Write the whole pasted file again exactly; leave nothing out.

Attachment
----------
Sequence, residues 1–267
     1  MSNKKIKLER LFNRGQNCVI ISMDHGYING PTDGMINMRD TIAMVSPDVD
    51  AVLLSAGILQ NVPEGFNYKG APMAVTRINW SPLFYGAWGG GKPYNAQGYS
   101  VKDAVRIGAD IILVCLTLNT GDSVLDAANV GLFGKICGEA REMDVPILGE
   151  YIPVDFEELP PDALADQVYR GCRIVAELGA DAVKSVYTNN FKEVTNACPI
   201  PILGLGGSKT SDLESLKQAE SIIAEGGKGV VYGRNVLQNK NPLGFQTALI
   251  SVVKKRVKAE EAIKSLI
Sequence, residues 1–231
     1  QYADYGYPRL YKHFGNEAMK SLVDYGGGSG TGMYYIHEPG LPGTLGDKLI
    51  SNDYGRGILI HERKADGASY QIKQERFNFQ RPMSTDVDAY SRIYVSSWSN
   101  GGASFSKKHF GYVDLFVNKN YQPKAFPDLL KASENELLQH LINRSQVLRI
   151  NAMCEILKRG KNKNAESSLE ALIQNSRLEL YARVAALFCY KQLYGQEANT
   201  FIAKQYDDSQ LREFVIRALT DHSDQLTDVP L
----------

Sequence, residues 1–267
     1  MSNKKIKLER LFNRGQNCVI ISMDHGYING PTDGMINMRD TIAMVSPDVD
    51  AVLLSAGILQ NVPEGFNYKG APMAVTRINW SPLFYGAWGG GKPYNAQGYS
   101  VKDAVRIGAD IILVCLTLNT GDSVLDAANV GLFGKICGEA REMDVPILGE
   151  YIPVDFEELP PDALADQVYR GCRIVAELGA DAVKSVYTNN FKEVTNACPI
   201  PILGLGGSKT SDLESLKQAE SIIAEGGKGV VYGRNVLQNK NPLGFQTALI
   251  SVVKKRVKAE EAIKSLI
Sequence, residues 1–231
     1  QYADYGYPRL YKHFGNEAMK SLVDYGGGSG TGMYYIHEPG LPGTLGDKLI
    51  SNDYGRGILI HERKADGASY QIKQERFNFQ RPMSTDVDAY SRIYVSSWSN
   101  GGASFSKKHF GYVDLFVNKN YQPKAFPDLL KASENELLQH LINRSQVLRI
   151  NAMCEILKRG KNKNAESSLE ALIQNSRLEL YARVAALFCY KQLYGQEANT
   201  FIAKQYDDSQ LREFVIRALT DHSDQLTDVP L